Penn State wants a judge to throw out Mike McQueary’s whistle-blower lawsuit against the university, as an attorney wrote in court papers Thursday that the former assistant football coach’s claims lack legal merit.
University lawyer Nancy Conrad filed a 33-page legal brief that reiterates the arguments she made last month against McQueary’s claims.
Conrad also asked out-of-county Judge Thomas Gavin to dismiss McQueary’s claims for punitive damages, saying the lawsuit is “devoid of” facts to show former athletic director Tim Curley, former vice president for finance Gary Schultz or Penn State were reckless.
McQueary has accused the former university president, Graham Spanier, of defaming him after Spanier released a statement in November 2011 pledging support for embattled senior university leaders Curley and Schultz, who were indicted on charges they lied to a grand jury investigating abuse allegations against Jerry Sandusky. McQueary claims the university terminated him because he cooperated with investigators and that Curley and Schultz intentionally misrepresented how they would take care of the incident involving Sandusky that McQueary witnessed in 2001.
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McQueary’s suit claims he has been branded as part of the alleged cover-up and cannot find work coaching football, so he is seeking $4 million in punitive damages.
Conrad’s challenge to McQueary’s claims in the brief will likely provide a glimpse into the arguments she will make during a court hearing March 18 at the Centre County Courthouse in Bellefonte.
McQueary’s lawyers have until March 8 to supply their own legal brief in support of their arguments.
McQueary was a fixed-term employee whose contract was not renewed when it expired June 30, 2012, but Conrad wrote in the court papers that McQueary’s claims are not enough to establish a whistle-blower claim or a wrongful discharge claim. Further, she said, wrongful discharge claims do not extend to contracted employees.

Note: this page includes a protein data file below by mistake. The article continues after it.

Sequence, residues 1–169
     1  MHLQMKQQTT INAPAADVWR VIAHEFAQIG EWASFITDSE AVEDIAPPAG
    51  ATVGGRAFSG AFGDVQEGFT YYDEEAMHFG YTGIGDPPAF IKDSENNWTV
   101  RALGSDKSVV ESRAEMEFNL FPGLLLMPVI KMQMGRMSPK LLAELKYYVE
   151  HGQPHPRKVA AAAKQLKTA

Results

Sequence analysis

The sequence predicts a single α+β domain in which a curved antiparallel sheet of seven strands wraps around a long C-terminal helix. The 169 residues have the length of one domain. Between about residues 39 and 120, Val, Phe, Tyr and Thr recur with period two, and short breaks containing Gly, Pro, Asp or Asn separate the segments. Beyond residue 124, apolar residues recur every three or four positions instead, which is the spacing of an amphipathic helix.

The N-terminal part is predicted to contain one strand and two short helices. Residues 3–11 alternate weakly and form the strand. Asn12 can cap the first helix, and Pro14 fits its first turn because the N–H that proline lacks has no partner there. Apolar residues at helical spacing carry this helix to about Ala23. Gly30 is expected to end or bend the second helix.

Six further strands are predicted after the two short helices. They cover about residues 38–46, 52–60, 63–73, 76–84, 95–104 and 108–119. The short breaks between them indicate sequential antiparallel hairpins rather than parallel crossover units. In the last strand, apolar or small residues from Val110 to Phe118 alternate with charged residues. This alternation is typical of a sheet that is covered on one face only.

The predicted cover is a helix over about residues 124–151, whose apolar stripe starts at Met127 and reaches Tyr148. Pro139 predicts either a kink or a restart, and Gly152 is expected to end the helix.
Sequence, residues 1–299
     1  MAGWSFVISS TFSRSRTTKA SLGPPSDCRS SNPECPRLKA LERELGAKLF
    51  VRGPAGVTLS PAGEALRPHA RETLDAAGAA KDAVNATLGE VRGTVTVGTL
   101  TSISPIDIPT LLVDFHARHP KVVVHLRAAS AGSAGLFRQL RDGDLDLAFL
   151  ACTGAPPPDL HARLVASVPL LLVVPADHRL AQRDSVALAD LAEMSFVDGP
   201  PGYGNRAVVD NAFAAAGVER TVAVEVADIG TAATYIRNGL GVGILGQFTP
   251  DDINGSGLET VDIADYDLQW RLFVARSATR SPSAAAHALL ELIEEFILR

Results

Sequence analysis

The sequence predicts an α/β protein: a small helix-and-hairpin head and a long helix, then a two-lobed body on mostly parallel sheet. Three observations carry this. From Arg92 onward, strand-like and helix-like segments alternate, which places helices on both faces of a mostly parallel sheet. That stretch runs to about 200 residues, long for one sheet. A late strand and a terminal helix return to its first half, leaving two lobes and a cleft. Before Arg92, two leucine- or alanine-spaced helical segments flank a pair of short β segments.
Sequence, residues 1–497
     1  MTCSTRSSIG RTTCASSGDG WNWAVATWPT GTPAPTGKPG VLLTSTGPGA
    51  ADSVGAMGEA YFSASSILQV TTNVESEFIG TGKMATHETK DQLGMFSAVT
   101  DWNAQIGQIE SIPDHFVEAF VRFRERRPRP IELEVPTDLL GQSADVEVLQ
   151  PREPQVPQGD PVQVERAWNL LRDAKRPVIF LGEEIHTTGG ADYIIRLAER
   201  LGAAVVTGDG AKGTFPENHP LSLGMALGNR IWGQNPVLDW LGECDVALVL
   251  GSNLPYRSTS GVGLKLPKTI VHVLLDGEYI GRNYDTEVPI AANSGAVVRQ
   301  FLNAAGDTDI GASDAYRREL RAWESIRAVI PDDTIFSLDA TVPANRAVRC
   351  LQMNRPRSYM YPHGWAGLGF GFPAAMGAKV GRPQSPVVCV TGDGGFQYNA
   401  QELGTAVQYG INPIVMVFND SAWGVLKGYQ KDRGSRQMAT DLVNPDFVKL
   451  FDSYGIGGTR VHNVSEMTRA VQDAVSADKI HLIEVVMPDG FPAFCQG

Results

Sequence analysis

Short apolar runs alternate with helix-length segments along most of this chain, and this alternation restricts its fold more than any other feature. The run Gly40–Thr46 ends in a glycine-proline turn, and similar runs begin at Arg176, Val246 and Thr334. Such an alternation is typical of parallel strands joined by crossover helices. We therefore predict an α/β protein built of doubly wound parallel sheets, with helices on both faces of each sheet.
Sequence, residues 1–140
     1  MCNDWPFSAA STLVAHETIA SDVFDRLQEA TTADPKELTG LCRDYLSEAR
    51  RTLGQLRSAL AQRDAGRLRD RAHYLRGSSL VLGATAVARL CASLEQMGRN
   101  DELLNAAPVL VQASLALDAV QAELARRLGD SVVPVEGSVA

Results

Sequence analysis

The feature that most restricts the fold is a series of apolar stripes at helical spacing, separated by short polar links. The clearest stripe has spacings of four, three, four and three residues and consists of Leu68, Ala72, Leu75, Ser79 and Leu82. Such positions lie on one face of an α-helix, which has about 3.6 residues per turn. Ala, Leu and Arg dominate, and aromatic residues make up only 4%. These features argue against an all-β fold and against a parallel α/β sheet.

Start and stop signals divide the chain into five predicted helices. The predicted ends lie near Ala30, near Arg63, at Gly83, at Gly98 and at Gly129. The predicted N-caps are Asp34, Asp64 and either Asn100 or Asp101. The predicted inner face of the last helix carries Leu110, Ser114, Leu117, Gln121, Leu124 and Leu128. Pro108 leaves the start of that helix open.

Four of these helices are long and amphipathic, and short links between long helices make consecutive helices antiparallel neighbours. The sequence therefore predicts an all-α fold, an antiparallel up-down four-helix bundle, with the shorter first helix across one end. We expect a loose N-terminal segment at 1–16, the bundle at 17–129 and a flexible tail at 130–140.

Conrad said the words in Spanier’s statement of support for Curley and Schultz were not defamatory or malicious and the statement does not even mention McQueary. Further, she argued, the context of the statement would not make it defamatory either.
“Mere embarrassment or annoyance is not enough,” Conrad wrote.
Conrad said state law will show there is no support for McQueary’s misrepresentation claim, regarding how Curley and Schultz promised to take care of the report he made in 2001. Conrad said a broken promise is not intentional misrepresentation.
Curley, Schultz and Spanier are awaiting court hearings related to what former state attorney general Linda Kelly said was a “conspiracy of silence” to cover up allegations of abuse against Sandusky more than a decade ago.
The men’s attorneys have maintained that their clients are innocent.
The high-profile case now is being handled by new Attorney General Kathleen Kane.